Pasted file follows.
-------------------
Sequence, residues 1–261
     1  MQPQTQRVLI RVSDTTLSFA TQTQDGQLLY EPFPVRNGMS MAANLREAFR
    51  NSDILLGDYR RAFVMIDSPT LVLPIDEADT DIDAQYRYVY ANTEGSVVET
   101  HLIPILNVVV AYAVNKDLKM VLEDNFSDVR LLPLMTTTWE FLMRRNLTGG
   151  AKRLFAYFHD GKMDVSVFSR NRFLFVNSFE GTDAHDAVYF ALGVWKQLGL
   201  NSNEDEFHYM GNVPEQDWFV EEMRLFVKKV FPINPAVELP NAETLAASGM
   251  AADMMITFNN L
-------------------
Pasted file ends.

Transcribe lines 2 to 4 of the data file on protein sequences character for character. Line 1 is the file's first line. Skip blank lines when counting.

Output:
     1  MQPQTQRVLI RVSDTTLSFA TQTQDGQLLY EPFPVRNGMS MAANLREAFR
    51  NSDILLGDYR RAFVMIDSPT LVLPIDEADT DIDAQYRYVY ANTEGSVVET
   101  HLIPILNVVV AYAVNKDLKM VLEDNFSDVR LLPLMTTTWE FLMRRNLTGG